Intermediary shall report any cyber security incident and share the same with Indian Computer Emergency Response Team, in accordance with (The Indian Computer Emergency Response Team and Manner of Performing Functions and Duties) Rules, 2013. It shall prominently publish on its website/app the contact details of the Grievance Redressal Officer (“GRO”) and mechanism to lodge the complaint against any content on the website/app. The GRO shall acknowledge the receipt of such compliant within 24 hours, and dispose of the same within 15 days from receipt. However, if the complaint is regarding content which shows any kind of nudity prima facie, then the GRO must take down such content within 24 hours, of being in receipt of such complaint. Further, the GRO must acknowledge and receive any order, notice or direction by the Appropriate Government, any competent authority, or a court of competent jurisdiction.

In addition to the above, an SSMI has to undertake certain additional due diligence while discharging their duties. It shall appoint a Chief Compliance Officer for compliance with IT Act and corresponding rules, a 24/7 Nodal Contact Person for assisting the law enforcement agencies & complying with their orders and requisitions, and a Resident Grievance Officer (“RGO”) for dealing with complaints lodged by any person with respect to any content on the website/app. It shall implement an appropriate mechanism for the receipt and processing of complaints which shall enable the complainant to track the status of such complaint by providing a unique ticket number. It should endeavour to provide the complainant with reasons for any action taken or not taken pursuant to the complaint.

An SSMI shall enable identification of first originator of the information, in case of messaging platforms, which would require chats to be backed up to encrypted cloud server, rather than providing end-to-end encryption to its users. An SSMI shall clearly mark any information as being advertised, marketed, sponsored, owned or exclusively controlled, if such intermediary is deriving direct financial benefit by advertising information on someone else’s behalf, to which it owns a copyright, or has an exclusive license, or in relation with which it has entered into any contract that directly or indirectly restricts the publication or transmission of that information through any means other than those provided through the computer resource of such SMI.

In addition, an SSMI shall have a physical contact address in India published on its website, mobile application, or both for the purposes of receiving the communication addressed to it. In case, wherein, users’ access to website or app has been revoked, or any other content that has been uploaded by the user has been removed. It shall inform the user prior to such removal about why the action is being taken, and on what grounds, is the action being taken. However, it shall also provide the user an opportunity to contest this claim of removal and the users’ request to re-upload the content. However, this should be done within reasonable time. The RGO shall oversee this process. It can be asked to furnish any additional information as deemed fit by the MIB.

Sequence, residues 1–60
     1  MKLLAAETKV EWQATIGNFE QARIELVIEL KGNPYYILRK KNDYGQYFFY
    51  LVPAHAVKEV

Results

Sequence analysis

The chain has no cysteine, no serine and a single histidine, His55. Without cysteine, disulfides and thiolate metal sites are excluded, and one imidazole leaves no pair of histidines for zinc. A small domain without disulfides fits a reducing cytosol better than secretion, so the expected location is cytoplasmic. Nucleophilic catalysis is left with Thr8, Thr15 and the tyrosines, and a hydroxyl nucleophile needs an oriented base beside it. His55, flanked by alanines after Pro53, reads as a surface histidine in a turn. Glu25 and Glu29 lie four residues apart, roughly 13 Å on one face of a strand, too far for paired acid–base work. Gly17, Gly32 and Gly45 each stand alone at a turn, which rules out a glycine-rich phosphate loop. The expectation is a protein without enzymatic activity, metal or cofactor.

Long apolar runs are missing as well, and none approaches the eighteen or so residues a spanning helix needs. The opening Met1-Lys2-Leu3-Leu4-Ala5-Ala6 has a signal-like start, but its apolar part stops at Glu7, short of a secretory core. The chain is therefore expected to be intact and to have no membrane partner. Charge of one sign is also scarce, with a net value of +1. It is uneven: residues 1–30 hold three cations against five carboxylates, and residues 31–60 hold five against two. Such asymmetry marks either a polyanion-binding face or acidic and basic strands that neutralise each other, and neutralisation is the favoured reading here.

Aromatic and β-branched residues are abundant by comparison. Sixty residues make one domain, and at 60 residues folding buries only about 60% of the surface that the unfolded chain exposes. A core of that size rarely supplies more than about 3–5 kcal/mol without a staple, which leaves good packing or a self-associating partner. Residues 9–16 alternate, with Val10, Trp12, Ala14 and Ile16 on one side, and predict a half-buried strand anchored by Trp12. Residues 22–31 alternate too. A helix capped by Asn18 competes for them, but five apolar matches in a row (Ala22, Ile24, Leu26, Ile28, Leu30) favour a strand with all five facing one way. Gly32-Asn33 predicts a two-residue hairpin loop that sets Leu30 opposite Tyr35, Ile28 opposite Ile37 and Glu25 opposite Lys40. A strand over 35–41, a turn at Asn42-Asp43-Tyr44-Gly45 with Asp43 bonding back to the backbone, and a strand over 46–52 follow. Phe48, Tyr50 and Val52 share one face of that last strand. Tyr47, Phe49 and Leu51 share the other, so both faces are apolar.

SSMI shall employ technology-based measures to identify and remove information that depicts any sexually explicit content or any identical information which has already been removed by it. It shall display a notice to the user who is attempting to access such information that it has identified such information as objectionable. The measures taken by the SSMI must be proportional and have regard to the interests of free speech and privacy of the individual. The SSMI must further review periodically the technology-based measures to ensure there is no propensity of bias and discrimination in such measures.

It shall enable users to voluntarily verify their accounts by using any appropriate mechanism and provide such users with a demonstrable and visible mark of verification, which shall be visible to all users of the service. SSMI must publish compliance reports every month, containing the details in respect of the complaints which were received and the action taken on those complaints, and the number of links or information removed while using proactive monitoring through automated tools.

The SSMIs were to comply with the above-mentioned requirements within 3 months from the date of notification of the threshold of an SSMI, i.e., May 26, 2021. This compliance is necessary for the SSMIs since the non-observance of the Intermediary Rules 2021 would strip away these SSMIs of the protection accorded to them by the safe harbour provisions, i.e., Section 79(1) of IT Act. In other words, if there is any objectionable content on the SSMI’s platform, the intermediary can no longer claim legal immunity from the same and can be dragged to the court along with the person who posted the objectionable content. While certain SSMIs have already started adhering to the compliances, others have either sought an extension of time to implement these compliances or gone to court to challenge the constitutionality of the Intermediary Rules 2021 on the ground that the first originator clause violates the right to privacy and should be struck down as being unconstitutional as complying with the first originator clause will entail breaking its end-to-end encryption policy, which will weaken user privacy on the app and severely affect free speech.

 

Authors – Neeraj Dubey, Partner, Corporate Law and Shubham Aggarwal, Associate